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Women Weight lifing

Why am I Having Trouble With Weight Loss After Turning 40?

Posted 3 years ago by Lori Scholle

As women get older things about our bodies as we know them seem to change.  Our energy levels are not as high as they used to be, we have aches when we wake up in the morning and we gain weight with seemingly little or no control of it.  We ask ourselves “Why am I having trouble with weight loss after turning 40?” This question is a common one that Registered Dietitian Nutritionists hear from their patients who are approaching 40.  Experiencing trouble with weight loss is a valid health concern for women as they age and there are reasons behind it.

As a women approach their 40′s their bodies start to undergo changes that prepare the body for menopause, which occurs around age 51.  One of these changes and possibly the largest contributor to this process is the change in hormones, particularly estrogen.  Estrogen levels fall during this phase of life which causes an increase in the rate in which women store visceral fat, fat that surrounds their organs, particularly in their abdomen.  With an increase in visceral fat comes an increase in risk for cardiovascular disease and diabetes.  The changes that are occurring are a natural part of aging and should not be feared.  The good news is that there are hormone therapies that are available to women that can help ease the symptoms that accompany the transition into menopause and those should be discussed with their physicians.  There are also lifestyle changes that women can implement right away that can assist them in keeping up with the weight goals.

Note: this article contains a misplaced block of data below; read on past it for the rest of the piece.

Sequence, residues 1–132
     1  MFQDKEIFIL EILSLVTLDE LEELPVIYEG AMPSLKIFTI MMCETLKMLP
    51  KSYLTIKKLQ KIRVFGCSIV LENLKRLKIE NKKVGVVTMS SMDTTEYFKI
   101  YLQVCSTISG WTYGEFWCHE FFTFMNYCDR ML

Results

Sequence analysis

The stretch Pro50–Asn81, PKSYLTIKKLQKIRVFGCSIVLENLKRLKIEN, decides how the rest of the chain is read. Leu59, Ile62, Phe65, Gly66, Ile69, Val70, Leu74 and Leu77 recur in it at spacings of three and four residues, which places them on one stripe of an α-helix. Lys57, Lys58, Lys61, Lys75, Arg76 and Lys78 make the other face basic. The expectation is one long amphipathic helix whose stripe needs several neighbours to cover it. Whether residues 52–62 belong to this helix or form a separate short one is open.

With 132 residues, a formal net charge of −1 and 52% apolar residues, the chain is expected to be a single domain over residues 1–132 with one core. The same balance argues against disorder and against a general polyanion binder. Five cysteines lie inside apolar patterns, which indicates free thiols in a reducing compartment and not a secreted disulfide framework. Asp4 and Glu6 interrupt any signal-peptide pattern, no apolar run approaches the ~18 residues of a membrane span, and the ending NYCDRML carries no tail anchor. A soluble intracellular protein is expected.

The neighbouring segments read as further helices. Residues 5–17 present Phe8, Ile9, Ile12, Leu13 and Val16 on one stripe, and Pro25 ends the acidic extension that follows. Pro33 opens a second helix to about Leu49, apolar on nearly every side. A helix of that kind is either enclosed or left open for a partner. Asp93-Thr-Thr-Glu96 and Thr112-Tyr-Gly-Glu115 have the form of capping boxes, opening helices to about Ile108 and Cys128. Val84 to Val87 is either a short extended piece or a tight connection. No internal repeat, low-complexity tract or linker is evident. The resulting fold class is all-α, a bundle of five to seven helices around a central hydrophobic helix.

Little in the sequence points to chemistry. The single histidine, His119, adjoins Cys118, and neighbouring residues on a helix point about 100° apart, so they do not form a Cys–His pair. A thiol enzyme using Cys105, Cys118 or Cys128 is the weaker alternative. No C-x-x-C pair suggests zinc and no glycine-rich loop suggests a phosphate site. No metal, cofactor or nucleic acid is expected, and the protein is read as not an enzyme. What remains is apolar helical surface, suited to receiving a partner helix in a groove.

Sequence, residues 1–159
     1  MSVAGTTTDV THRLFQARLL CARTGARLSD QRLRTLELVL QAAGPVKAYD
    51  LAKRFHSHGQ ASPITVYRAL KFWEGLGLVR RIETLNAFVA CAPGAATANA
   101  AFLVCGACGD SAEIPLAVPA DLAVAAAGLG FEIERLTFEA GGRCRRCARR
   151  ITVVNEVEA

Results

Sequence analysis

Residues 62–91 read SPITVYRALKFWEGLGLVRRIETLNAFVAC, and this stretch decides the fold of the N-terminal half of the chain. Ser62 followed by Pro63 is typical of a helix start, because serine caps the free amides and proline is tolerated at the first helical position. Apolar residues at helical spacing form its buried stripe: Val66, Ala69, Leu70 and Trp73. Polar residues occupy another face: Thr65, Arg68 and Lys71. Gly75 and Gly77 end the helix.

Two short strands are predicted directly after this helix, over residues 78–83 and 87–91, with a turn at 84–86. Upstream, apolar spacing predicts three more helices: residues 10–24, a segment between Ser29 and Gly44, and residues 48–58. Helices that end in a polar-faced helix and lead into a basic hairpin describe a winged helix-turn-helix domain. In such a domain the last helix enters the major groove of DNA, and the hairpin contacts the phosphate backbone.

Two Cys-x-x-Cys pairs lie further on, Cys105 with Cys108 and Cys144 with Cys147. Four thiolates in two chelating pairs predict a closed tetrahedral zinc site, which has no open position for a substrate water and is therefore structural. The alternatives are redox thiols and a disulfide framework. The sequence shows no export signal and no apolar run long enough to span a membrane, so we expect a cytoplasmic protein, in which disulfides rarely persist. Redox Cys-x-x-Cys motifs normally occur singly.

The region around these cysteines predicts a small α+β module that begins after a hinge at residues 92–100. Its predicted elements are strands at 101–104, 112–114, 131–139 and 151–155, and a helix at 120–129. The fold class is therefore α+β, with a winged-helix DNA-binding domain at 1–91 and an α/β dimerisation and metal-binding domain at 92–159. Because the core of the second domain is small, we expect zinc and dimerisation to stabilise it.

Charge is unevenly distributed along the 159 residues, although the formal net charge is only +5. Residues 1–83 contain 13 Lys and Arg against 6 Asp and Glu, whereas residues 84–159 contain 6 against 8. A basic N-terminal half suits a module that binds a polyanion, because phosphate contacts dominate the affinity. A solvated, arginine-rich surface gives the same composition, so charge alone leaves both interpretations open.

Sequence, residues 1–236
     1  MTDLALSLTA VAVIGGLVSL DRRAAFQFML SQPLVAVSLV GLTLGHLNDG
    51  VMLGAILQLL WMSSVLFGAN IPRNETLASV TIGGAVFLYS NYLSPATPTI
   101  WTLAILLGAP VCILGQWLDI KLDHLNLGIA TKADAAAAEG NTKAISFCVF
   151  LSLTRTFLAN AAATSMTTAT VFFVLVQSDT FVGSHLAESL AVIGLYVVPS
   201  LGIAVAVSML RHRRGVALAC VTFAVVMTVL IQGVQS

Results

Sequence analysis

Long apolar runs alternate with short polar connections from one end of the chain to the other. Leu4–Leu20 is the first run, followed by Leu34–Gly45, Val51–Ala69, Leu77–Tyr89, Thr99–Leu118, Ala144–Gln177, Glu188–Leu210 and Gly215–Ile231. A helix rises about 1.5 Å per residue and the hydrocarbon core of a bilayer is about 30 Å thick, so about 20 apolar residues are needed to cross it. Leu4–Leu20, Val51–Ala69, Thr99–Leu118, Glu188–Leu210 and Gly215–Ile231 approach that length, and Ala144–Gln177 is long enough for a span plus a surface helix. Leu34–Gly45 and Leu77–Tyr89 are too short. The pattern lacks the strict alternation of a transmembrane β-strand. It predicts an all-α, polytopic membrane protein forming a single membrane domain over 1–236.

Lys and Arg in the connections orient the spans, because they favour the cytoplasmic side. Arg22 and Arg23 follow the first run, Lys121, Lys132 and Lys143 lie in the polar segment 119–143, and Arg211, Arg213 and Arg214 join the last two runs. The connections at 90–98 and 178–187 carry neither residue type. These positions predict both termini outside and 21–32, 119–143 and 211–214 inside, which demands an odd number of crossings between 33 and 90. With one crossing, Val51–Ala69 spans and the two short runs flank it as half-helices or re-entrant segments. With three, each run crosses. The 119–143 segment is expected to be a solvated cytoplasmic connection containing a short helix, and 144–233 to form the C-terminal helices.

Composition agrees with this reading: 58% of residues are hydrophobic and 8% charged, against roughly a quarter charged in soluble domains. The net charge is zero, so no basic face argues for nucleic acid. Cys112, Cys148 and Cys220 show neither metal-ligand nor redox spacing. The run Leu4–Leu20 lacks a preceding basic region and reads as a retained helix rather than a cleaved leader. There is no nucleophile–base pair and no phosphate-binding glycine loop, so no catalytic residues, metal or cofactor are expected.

Here are three lifestyle adjustments that women can make to their lives that can help them maintain their weight and minimize the addition of visceral fat to their abdomens:

  1. Be physically active for 60 minutes a day – The Institute of Medicine recommends at least 60 minutes of activity per day for adults.  Maintaining this level of activity can not only help prevent weight gain but it also helps to reduce the risk of heart disease and diabetes.
  2. Maintain or Increase Lean Muscle Mass – One of the affects of aging is loss of lean muscle mass, primarily due to inactivity, which starts in our 30s.  Lean muscle is more metabolically active than fat and maintaining or increasing it is key to maintaining weight.  Combat this loss by doing a variety of exercise that builds muscle – strength training, yoga, swimming, brisk walking and running.
  3. Eat enough protein throughout the day - The amount of protein women eat has an effect on their bodies’ ability to generate and maintain muscle mass.  The USDA 2010 Dietary Guidelines recommend that adult women should consume at least 46g of protein per day.  Aim to include at least 15 grams of protein per meal.